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erisa_novice

Ineligible to participate in 401k because of unionization

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Here's the situation. A group of employees recently voted to unionize and negotiations for a collective bargaining agreement has commenced. The current 401k plan offered by the company prospectively excludes union members. Accordingly, the company now wants to establish a separate 401k plan for union employees. There are a number of employees who participate in the current plan will now be ineligible for the current plan and have to switch to the plan which will be established for union members. What are the legal considerations in having employees have to switch plans?  What types of things should we (union employees) be paying particular attention to? We want to make sure people who have to switch plans aren't harmed in the process. Any and all feedback would be greatly appreciated.

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I don't see any likelihood of being harmed in any way just by virtue of having to switch plans, but whether you are going to be harmed in other ways depends upon the terms of the CBA which your representatives negotiated on your behalf.  I don't think you'll get the guidance you would like from this Message Board.  You should talk to the individuals who represented you and your fellow employees.   

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You need to be very careful.  First, not the plan does NOT exclude union employees.  Read the document again carefully.  It excludes union employees who have bargained in good faith regarding benefits.  Until they have done that bargaining it isn't clear to me they are excluded.  

I am not an expert on this but it is very easy for a company to violate the rules regarding unions and union breaking.  They need to talk to a lawyer who knows both sets of law. 

I will let others comment on some of the other issues as it has been a while since I last worked on 401(k) plans. 

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ESOP Guy:  1.  I could be wrong, but the implication from the OP is that the "good faith bargaining" has concluded.  2.  Again, I could be wrong, but I assume from the OP that he is a union member and not involved in the plan design/structure so the warnings you are giving while sound are not something  which HE needs to be careful about.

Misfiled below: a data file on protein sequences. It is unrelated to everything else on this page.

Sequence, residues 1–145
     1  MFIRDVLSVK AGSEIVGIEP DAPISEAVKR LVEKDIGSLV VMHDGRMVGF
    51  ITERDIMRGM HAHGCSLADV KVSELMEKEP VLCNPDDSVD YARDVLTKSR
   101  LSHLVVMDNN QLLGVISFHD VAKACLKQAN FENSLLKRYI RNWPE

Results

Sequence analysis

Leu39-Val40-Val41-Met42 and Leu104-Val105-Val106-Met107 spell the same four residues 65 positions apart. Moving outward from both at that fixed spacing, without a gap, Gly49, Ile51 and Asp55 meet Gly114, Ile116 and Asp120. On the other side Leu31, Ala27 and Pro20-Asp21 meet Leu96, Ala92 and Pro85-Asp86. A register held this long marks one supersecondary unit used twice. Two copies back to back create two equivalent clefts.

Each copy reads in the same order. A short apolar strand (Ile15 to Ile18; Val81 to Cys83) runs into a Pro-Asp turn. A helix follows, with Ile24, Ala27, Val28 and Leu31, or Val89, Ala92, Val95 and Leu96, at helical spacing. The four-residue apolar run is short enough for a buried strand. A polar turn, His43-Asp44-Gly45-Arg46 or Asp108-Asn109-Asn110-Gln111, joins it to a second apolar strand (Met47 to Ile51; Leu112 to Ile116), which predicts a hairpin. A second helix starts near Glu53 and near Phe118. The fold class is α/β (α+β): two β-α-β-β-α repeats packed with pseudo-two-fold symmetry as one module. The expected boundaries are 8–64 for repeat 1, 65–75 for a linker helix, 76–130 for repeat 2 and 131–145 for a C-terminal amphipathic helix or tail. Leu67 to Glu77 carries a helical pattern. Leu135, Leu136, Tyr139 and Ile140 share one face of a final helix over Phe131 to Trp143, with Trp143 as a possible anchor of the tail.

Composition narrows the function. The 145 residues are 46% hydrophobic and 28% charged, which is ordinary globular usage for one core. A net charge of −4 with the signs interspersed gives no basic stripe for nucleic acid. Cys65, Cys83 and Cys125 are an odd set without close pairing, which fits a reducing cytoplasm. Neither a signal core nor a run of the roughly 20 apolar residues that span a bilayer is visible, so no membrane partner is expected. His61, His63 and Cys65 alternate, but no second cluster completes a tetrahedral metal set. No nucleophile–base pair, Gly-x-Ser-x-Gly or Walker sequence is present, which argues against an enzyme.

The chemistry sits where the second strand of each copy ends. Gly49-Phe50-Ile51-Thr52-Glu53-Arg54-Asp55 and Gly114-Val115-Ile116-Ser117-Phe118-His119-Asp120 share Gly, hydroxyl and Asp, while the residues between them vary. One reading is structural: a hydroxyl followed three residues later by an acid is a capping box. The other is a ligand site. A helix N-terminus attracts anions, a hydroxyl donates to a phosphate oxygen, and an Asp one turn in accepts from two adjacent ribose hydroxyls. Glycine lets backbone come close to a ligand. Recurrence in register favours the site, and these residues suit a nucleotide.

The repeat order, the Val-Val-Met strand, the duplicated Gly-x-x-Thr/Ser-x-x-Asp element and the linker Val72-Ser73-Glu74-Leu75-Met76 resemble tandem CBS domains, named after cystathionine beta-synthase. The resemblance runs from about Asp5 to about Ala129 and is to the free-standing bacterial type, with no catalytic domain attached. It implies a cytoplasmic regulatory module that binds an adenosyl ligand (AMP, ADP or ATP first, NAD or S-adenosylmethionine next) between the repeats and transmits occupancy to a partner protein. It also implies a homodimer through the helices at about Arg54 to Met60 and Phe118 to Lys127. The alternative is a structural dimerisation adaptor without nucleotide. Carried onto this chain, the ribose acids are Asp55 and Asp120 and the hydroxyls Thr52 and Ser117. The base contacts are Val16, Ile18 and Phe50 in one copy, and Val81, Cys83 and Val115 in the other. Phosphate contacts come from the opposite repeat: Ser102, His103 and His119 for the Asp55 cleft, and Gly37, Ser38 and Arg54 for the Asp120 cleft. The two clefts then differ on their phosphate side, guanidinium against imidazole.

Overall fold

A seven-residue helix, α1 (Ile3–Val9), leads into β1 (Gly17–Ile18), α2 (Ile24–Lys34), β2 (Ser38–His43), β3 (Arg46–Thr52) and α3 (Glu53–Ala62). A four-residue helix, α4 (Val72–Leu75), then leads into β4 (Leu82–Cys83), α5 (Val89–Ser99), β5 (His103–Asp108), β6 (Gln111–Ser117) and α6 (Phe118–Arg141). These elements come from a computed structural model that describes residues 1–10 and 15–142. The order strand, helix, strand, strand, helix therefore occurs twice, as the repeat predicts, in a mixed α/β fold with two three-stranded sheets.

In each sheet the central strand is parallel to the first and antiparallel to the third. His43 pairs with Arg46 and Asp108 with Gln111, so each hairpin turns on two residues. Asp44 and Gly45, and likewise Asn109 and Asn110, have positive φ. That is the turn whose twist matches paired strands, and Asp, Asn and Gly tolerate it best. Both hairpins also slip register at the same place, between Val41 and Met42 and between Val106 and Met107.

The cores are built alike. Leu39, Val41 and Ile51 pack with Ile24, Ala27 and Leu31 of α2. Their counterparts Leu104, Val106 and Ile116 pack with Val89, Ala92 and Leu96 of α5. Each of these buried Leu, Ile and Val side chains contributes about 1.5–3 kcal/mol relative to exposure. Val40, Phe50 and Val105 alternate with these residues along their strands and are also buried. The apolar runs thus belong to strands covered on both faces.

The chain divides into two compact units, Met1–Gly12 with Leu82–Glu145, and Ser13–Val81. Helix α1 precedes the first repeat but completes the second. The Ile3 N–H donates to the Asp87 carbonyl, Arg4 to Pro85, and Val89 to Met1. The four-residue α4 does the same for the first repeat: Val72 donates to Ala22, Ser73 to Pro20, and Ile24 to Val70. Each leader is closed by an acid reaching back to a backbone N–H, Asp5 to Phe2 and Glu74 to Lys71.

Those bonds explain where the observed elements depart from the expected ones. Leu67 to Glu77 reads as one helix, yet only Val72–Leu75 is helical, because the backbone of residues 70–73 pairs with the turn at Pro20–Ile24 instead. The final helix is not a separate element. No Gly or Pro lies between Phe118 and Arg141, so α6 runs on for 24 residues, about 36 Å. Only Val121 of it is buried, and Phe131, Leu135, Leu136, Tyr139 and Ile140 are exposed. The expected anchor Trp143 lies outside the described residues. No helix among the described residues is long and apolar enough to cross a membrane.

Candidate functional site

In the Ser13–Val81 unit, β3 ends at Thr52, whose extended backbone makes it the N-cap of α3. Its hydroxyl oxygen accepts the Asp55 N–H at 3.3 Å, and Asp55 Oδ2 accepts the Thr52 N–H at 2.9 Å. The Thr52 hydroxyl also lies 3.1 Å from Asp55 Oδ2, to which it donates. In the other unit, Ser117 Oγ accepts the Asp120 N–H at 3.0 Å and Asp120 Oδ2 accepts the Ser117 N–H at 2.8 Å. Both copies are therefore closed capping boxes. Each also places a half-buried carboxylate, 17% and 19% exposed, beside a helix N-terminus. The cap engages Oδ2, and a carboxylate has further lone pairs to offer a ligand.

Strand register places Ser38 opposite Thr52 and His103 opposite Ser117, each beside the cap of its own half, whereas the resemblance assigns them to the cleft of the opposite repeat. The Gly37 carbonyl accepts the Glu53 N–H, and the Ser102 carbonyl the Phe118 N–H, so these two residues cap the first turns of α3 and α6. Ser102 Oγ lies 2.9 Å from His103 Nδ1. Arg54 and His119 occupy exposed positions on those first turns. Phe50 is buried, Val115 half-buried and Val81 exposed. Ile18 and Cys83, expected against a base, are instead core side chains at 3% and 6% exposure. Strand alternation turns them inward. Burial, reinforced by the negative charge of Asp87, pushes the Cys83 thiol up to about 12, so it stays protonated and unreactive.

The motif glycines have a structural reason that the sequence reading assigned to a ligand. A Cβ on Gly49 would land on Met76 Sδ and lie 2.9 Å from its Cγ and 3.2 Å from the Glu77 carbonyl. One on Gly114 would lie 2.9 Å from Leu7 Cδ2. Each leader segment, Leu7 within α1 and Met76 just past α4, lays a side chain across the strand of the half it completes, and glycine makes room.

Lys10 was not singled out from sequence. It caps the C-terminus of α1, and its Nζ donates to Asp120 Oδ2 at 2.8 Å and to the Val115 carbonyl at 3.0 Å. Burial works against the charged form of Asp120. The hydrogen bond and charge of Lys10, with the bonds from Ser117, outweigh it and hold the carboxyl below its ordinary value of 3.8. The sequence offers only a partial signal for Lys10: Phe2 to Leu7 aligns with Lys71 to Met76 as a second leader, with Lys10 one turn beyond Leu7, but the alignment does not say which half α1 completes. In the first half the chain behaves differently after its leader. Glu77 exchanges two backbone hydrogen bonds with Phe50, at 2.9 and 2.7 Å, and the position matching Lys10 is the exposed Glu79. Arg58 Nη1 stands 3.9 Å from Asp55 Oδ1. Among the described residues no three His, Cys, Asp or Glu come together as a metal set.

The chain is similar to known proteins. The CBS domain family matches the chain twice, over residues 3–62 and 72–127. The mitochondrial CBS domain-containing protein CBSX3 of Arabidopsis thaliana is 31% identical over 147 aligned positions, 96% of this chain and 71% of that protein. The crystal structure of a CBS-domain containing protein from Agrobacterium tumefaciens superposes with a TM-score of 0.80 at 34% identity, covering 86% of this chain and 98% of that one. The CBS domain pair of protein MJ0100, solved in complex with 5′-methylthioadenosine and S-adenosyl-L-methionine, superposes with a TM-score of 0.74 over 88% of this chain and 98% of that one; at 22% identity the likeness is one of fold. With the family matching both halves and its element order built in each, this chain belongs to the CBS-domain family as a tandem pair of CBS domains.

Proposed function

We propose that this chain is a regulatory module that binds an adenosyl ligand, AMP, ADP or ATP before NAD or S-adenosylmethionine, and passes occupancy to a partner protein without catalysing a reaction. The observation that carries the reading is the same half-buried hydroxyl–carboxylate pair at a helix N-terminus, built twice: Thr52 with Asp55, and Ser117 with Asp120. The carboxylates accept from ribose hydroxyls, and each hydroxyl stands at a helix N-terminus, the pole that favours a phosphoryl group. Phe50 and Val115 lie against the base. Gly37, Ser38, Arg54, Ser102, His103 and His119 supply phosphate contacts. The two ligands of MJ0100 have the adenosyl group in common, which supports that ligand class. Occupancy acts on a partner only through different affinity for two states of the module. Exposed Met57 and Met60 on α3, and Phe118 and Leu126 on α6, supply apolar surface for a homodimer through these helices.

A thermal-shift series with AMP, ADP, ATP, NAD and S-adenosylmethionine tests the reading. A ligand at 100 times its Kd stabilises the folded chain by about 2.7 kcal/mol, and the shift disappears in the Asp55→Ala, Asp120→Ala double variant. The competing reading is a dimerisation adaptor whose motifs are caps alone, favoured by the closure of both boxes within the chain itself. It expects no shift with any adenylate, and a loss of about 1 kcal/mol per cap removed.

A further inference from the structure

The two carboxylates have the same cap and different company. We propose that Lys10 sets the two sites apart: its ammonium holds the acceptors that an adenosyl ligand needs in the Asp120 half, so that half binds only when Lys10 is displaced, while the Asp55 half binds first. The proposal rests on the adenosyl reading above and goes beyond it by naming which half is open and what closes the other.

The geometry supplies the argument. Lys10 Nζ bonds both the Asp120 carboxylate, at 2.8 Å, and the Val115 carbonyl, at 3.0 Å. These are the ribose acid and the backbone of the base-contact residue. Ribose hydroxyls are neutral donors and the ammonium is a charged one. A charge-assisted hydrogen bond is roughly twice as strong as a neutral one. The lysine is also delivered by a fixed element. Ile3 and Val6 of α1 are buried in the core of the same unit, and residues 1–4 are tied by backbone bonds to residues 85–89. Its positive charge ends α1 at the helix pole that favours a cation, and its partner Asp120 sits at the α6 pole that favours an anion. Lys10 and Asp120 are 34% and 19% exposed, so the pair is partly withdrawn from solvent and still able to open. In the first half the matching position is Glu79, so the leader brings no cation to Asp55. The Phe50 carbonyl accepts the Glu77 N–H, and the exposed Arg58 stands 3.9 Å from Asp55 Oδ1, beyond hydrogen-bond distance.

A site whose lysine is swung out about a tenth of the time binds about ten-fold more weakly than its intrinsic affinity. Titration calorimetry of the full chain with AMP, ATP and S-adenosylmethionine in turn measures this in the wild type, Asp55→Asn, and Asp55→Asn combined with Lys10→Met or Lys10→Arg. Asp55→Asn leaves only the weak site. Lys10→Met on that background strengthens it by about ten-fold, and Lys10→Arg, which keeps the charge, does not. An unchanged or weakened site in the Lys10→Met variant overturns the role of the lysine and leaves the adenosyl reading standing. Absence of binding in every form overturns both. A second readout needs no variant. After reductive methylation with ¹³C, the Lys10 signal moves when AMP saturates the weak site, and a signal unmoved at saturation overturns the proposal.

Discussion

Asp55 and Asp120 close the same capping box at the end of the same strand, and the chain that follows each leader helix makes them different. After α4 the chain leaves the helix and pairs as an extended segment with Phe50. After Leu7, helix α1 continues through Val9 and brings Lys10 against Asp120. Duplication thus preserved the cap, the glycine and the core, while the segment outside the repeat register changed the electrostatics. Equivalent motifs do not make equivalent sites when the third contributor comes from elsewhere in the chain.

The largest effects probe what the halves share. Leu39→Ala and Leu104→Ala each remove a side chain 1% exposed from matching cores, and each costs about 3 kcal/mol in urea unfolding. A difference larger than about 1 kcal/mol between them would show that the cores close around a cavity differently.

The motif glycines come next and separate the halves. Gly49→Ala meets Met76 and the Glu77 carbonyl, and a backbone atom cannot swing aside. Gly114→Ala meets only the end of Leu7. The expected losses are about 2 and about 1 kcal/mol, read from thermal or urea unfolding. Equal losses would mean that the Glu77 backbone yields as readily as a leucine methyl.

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To clarify: we do not yet have a contract but have had pretty extension negotiations concerning a retirement plan for employees. We have never dealt with employees becoming ineligible to participate in a 401k and having to switch. We just want to make sure we don't end up harmed somehow in the process of migrating to the new plan.

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Who are "we"?  Are you part of management or are you in the union group?  

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1 hour ago, jpod said:

ESOP Guy:  1.  I could be wrong, but the implication from the OP is that the "good faith bargaining" has concluded.  2.  Again, I could be wrong, but I assume from the OP that he is a union member and not involved in the plan design/structure so the warnings you are giving while sound are not something  which HE needs to be careful about.  

Yeah, it is looking like I didn't pick up on that fact.  It is just I have seen the error of saying all union employees are excluded a few times to some people's regret.  

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OK, there is (or soon will be) a union (including the good faith bargaining characteristic).  That does not require a new plan.  The company (and maybe the union itself) should consider the pros and cons of creating a new plan vs. using the existing plan.  It's also true (seen it many times) that the union might want neither of those alternatives, so it's good to get advice from someone who has broad experience in qualified plans.

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Your union is to you as a sports agent is to his/her player client. I have been involved in many similar situations and shame on the union that does not do its homework. And present its findings to the affected workers. Comparing 401(k) plans is relatively simple. The first question that should be asked is "why?" Why is the employer directing union employees into a separate plan? Bad reason: to be more generous with the non-union employees today or tomorrow. Possible good reason: the combined plan is over, or is close to over, the number of participants required for an audit, which is expensive; whereas dividing the population between plans solves that problem. In latter case, no reason the CBA could not call for the union plan to mirror the non-union plan, as the latter may from time to time be amended.

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